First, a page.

Friday, 15 October 2010
1806 PBEM Campaign
About two months ago I got involved in an 1806 PBEM campaign. My interest was in trying to develop a set of "stand alone" rules which could be used by campaign players and avoid them having to learn the complicated rules being used by the umpire.
For this project to work it would be necessary for the player rules to interface with the umpire rules. I did not have a copy of the umpire rules, but was assurred that they did indeed interface.
We set up a campaign to play test my player rules. I opted to play the role of Napoleon, as this would be the most challenging roll and would give me a real feel for how well my player rules were working. It all went well for a month or so, and then the cracks began to appear. It soon became obvious that some major aspects of the umpire rules were not included in the player rules I had devised. I suggested ending the campaign, as the whole purpose of the campaign was to play test the player rules, and they clearly did not work anymore.
The other players, and the umpire, wanted to continue with the campaign. I agreed on the understanding that my rules would no longer be used, and the umpire would answer any rule questions raised. More and more of the questions went unanswered.
Two weeks ago the campaign reached the stage where the first battles would be fought. The umpire promised that they would be resolved within a few days, then a longer delay and finally silence. Despite a request for confirmation of what is happening, no reply only silence.
Its beginning to look like he has abandoned the campaign. No reason or explanation, only silence. Of course there may be a very good reason for the silence, it may be real life getting in the way again. But what a pity some umpires will not take a few seconds to send an email to the players to explain what is happening.
Apart from an attempt to make my 1813 campaign work as a PBEM, I have only been involved in two other PBEM campaigns. And each time this has happened. Perhaps I have been unlucky, but it does make me wonder how many other campaigns have ended in a similar way.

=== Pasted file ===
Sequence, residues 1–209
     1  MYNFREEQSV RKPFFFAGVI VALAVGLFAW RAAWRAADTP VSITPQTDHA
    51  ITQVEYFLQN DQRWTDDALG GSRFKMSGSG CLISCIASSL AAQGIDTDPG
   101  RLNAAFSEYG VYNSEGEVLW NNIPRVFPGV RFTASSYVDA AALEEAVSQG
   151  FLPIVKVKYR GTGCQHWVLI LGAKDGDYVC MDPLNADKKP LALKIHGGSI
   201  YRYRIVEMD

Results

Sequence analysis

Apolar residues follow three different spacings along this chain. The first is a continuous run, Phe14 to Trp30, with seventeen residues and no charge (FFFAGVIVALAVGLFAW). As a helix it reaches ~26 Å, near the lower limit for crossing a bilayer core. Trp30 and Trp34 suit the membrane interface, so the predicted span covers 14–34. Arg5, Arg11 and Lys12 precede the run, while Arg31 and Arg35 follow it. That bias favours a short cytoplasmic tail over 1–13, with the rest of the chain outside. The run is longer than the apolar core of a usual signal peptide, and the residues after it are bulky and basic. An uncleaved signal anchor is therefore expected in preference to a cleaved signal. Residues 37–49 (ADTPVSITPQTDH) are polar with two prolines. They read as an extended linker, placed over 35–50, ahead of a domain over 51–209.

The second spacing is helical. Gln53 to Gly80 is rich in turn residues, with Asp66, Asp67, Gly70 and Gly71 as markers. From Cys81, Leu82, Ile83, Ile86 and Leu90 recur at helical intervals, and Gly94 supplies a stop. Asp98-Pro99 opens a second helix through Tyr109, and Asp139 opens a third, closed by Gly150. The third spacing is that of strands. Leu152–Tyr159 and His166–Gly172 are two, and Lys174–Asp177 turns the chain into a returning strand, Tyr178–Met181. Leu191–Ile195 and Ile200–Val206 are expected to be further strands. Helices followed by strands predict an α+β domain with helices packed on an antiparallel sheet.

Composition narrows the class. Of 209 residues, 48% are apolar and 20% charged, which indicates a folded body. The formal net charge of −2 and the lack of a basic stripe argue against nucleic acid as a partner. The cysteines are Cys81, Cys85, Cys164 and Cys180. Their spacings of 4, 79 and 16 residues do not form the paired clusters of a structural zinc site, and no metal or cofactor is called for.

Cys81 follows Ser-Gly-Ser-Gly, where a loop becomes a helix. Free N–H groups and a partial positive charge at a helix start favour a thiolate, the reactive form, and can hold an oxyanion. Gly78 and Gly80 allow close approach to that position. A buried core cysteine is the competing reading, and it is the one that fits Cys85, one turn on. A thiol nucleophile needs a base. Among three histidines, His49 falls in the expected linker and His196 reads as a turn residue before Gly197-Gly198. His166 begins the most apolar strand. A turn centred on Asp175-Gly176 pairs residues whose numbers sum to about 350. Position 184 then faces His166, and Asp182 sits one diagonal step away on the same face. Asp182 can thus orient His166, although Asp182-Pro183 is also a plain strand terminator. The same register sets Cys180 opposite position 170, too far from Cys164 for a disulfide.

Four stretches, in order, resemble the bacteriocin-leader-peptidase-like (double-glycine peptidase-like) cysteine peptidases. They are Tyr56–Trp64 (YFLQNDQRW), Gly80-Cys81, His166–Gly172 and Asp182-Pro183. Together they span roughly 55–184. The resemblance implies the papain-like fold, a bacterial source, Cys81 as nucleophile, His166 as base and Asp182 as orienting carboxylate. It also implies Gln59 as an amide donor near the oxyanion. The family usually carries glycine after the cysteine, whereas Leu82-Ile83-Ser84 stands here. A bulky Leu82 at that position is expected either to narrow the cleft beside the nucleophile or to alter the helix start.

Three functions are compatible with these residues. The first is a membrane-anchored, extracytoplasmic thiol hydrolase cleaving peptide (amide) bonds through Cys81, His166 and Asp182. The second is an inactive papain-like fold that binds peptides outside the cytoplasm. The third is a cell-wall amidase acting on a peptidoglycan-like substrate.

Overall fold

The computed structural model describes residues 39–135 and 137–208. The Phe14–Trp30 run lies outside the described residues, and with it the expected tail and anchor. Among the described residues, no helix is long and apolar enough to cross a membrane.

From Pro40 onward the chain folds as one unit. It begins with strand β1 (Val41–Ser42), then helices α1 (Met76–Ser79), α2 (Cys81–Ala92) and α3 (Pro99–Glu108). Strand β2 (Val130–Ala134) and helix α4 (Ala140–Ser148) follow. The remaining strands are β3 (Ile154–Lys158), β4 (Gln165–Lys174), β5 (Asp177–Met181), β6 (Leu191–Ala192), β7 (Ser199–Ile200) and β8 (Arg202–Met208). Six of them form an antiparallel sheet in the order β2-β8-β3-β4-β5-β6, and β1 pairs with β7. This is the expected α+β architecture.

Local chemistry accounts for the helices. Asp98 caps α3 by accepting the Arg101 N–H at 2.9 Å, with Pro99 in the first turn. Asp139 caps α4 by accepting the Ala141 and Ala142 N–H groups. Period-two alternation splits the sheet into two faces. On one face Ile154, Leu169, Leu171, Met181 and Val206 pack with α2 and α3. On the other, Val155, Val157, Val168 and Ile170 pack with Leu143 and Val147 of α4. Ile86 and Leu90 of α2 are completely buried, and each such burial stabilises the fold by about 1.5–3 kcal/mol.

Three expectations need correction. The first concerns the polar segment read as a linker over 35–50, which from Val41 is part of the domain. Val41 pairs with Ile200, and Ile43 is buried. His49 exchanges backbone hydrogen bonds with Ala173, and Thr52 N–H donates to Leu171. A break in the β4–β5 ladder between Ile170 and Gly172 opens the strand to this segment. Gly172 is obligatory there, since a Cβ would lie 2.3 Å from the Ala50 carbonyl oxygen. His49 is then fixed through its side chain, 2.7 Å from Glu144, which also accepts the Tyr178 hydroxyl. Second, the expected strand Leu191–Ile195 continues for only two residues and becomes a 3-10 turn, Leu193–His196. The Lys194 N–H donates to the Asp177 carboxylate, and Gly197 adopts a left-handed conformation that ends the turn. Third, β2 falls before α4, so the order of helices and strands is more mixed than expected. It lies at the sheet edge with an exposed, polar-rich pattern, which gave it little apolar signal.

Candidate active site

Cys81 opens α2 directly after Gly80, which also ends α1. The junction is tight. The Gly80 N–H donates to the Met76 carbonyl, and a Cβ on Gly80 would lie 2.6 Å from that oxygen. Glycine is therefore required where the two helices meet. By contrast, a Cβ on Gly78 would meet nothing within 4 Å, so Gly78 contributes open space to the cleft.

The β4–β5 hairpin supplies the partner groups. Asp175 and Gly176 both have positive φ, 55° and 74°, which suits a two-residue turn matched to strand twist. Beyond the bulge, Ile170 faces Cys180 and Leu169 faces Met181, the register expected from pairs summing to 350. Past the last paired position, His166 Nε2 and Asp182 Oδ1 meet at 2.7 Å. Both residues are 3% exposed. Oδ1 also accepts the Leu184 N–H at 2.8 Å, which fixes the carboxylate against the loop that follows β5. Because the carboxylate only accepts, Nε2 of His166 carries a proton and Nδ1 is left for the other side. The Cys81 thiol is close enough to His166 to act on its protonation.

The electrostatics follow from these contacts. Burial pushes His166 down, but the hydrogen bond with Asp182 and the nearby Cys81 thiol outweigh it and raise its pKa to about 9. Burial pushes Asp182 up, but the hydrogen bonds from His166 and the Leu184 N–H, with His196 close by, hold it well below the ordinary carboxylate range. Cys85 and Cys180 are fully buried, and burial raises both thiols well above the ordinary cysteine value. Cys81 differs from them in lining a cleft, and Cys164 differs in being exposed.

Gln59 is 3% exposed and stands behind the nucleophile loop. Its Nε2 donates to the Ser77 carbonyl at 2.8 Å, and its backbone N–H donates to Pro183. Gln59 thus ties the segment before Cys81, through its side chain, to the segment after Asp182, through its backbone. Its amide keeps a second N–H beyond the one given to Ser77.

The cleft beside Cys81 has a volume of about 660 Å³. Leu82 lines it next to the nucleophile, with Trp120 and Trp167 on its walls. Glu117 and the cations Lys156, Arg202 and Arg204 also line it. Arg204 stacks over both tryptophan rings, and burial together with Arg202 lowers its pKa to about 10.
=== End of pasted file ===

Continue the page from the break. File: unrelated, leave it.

Its such a shame, because in both cases the umpire obviously put a lot of work into the early stages of the campaign. I suspect that resolving the battles just proved too much, and it was easier to walk away from the campaign than to explain what had gone wrong.
It has not put me off PBEM, but it has put me off taking part in one run by someone else.
I am working on the next stage of my 1813 campaign, and am again considering whether I could make it into a PBEM.
The problem last time was the lack of suitable maps. Now that I have ProFantasy I can solve this problem. However I am still uncertain whether I want to put our wargames at risk by opening the campaign to PBEM.
The whole reason for my 1813 campaign is to provide Jan and I with good wargames. It works extremely well in this respect. However it does get a little boring running the whole campaign myself, and it would add another dimension if there were outside players to do the map moves. The problem is that they would not want to have even handed wargames. They would be looking to bring superior forces to bear. And that scenario does not result in an enjoyable wargame.
We are still busy with the Valladolid campaign, so there is no rush. I have almost completed the maps for the next stage, which will be set back in northern Germany possibly around Hanover.
The other option would be to go for a seperate campaign. I have already worked out a set of rules, which include a method for resolving battles without fighting a wargame. But I am not sure that I want to devote the amount of time that would be necessary. Particularly with my earlier experience of the tendency of some PBEM players to just disappear.
Anyway that is what will be occupying my thoughts this weekend.
Whatever you are doing - have a nice one!